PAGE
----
(WASHINGTON) -- Three straight failed tests of missile defense interceptors haven't shaken the Pentagon's confidence in its ability to defend the U.S. against the threat of a long-range missile strike by North Korea, a military spokesman said Monday.
A Ground-based Midcourse Defense interceptor launched Friday from Vandenberg Air Force Base in California failed to strike a test Intercontinental Ballistic Missile (ICBM) launched from Kwajalein Atoll, in the Marshall Islands.
The test was designed to simulate an incoming ICBM targeting the West Coast with an intercept to have occurred over the Pacific Ocean.
While two previous failed tests involved newer versions of the targeting system, the failure Friday involved the targeting system used by the 30 interceptors currently deployed at Fort Greeley, Alaska, and at Vandenberg.
The mid-course interceptor is part of the integrated missile defense network that includes targeting radar, as well as layered interceptors that can strike an incoming missile shortly after launch or as it approaches its final target.
Pentagon spokesman George Little said the failed intercept had raised concerns, but not enough to discount the missile defense system's ability to protect against a North Korean long range missile threat.
"We believe that we have a robust missile defense architecture in place and we are in a position to respond to any threat that emanates from North Korea," Little said.
"Our faith in our missile defense program remains strong and every healthy organization takes stock of mishaps when they occur and that's what we're doing now," he said.
Some analysts, however, say the intercept failure raises concerns.
"The reliability of our missile defense system is being brought into question," said Charles Vick, senior technical and space policy analyst at globalsecurity.org. "The technology is still being perfected, and the level of reliability is not up to necessary standards."
Little said there may be some overreaction to the test results, and that despite the legitimate concerns raised, the Pentagon is "committed" to the program.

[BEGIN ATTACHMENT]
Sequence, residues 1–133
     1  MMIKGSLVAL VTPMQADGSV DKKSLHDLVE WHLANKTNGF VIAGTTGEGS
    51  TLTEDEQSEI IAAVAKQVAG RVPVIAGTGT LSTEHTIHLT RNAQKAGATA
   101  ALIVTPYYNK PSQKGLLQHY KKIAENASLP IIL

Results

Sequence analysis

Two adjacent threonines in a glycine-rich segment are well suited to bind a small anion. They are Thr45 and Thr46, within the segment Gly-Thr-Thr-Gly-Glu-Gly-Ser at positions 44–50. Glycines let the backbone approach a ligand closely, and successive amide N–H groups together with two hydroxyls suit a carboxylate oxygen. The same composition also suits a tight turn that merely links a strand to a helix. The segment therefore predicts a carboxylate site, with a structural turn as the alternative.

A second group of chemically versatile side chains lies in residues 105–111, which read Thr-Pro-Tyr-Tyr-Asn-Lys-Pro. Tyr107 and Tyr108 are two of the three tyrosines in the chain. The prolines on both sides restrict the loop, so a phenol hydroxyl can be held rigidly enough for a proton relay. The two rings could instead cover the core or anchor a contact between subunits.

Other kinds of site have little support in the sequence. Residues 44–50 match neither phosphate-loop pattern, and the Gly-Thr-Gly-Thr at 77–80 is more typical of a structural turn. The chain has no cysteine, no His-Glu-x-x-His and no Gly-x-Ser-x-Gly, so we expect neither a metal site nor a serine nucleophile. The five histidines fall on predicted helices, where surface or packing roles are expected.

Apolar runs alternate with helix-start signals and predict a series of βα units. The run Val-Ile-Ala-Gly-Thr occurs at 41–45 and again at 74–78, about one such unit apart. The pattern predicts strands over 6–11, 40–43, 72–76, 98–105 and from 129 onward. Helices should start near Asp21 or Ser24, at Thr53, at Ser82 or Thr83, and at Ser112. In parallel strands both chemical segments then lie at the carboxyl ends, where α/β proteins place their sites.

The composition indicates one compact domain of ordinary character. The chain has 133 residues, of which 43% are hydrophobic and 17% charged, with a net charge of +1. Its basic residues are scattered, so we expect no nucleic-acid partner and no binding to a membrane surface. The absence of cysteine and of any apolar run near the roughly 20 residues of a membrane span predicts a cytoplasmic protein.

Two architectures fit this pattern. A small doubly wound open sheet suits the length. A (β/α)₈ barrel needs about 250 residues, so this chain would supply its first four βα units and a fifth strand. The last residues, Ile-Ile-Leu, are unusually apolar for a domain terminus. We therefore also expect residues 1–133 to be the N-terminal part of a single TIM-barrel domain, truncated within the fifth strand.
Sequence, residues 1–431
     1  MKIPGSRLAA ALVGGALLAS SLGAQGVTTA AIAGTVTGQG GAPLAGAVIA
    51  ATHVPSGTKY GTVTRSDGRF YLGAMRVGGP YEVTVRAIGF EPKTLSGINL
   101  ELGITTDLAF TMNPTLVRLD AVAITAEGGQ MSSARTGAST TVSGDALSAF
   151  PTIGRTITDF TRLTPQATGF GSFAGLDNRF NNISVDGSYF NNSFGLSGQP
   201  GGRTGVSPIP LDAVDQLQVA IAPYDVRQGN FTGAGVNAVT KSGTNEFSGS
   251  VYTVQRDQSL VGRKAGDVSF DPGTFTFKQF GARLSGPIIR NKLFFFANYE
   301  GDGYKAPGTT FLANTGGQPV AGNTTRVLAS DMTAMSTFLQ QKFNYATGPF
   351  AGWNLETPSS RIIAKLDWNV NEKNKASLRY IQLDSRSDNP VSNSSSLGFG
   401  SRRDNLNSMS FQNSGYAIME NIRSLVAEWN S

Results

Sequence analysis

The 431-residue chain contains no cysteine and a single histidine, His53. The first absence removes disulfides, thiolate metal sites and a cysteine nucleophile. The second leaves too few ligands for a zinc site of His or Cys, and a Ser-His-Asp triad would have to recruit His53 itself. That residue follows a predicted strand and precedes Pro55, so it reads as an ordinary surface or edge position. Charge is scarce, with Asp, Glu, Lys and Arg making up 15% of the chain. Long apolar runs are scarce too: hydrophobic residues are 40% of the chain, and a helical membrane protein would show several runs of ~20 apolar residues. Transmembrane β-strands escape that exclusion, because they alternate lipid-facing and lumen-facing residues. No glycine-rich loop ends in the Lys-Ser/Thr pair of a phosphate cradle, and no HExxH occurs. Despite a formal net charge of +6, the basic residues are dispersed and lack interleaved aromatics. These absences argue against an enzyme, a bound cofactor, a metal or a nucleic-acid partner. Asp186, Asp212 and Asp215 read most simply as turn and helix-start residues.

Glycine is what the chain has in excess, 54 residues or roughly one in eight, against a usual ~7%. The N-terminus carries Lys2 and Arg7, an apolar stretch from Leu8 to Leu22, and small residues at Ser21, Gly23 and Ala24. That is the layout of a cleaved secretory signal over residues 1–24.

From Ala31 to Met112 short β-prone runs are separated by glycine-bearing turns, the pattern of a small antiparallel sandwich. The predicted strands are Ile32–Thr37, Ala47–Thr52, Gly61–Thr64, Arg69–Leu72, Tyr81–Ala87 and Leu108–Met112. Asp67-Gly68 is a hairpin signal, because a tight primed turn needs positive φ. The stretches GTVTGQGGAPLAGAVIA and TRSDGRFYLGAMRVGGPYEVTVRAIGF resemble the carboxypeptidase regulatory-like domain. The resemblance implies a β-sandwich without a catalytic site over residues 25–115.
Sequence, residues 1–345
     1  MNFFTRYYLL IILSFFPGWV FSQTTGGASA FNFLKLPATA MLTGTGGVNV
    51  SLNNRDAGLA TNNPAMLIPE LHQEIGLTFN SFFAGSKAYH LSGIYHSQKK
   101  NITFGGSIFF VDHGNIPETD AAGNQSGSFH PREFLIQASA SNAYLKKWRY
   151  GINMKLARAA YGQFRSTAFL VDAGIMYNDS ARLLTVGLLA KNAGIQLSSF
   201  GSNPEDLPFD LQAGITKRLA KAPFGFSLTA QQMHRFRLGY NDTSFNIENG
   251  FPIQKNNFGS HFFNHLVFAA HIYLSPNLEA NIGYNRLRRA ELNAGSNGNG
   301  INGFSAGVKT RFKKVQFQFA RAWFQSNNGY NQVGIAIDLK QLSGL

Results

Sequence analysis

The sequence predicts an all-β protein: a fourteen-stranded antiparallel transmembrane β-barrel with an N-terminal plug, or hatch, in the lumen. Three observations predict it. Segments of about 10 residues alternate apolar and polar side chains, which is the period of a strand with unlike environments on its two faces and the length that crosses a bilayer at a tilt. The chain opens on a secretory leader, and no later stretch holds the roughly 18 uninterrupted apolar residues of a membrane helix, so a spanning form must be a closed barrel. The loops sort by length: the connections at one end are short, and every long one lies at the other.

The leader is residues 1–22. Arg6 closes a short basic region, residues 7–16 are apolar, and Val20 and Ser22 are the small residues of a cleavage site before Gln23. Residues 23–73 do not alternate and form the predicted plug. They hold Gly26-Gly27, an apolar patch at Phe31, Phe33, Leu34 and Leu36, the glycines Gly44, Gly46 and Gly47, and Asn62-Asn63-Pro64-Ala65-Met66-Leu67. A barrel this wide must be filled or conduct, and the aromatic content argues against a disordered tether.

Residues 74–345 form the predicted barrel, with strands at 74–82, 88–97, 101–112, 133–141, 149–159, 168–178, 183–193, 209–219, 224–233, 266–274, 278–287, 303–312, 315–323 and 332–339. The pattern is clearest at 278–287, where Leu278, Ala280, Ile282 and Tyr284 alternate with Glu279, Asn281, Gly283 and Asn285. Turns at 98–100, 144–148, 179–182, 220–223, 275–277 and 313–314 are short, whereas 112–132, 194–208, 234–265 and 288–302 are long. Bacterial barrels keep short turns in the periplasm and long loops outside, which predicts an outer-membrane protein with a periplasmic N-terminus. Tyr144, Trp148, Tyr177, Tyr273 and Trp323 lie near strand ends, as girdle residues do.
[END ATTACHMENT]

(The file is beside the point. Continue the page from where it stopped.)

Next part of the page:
"I wouldn't draw any broad conclusions based on one test," Little said. "I understand the concerns here. We're concerned, too."
"We remain committed to our missile defense program and I think that we'll be looking at the root causes of what happened on the fifth [Friday] and take steps to ensure that similar failures don't occur in the future," he said.
So far, the ground based interceptors have hit their targets in eight out of 16 intercept tests, with the last successful intercept in December 2008.
Rikki Ellison of the Missile Defense Advocacy Alliance said he believes the system is viable, though the failed intercept "reduced confidence and reliability" in defending against a North Korean missile attack.
Both Vick and Ellison said the end result of the failed intercept will be that multiple interceptors will have to be used against a single incoming warhead to ensure success, which could reduce the current inventory of missiles and limit further capability.
"We must have the fortitude to fix the issues that caused the failures quickly, soundly and as soon as possible," Ellison said. "This system is all our nation has today to stop and intercept long-range nuclear missiles. We have to have it."
The type of missile interceptor that failed to hits its target in Friday's test was similar to the 30 interceptors currently in operation to protect the West Coast from an incoming ICBM missile attack, presumably from North Korea.
There are 26 of the missiles deployed at Fort Greeley and an additional four at Vandenberg AFB. In March, the Obama administration announced that it would add 14 more of the interceptors.
Little said on Monday he did not know of any impact the failed missile intercept might have on the planned expansion.
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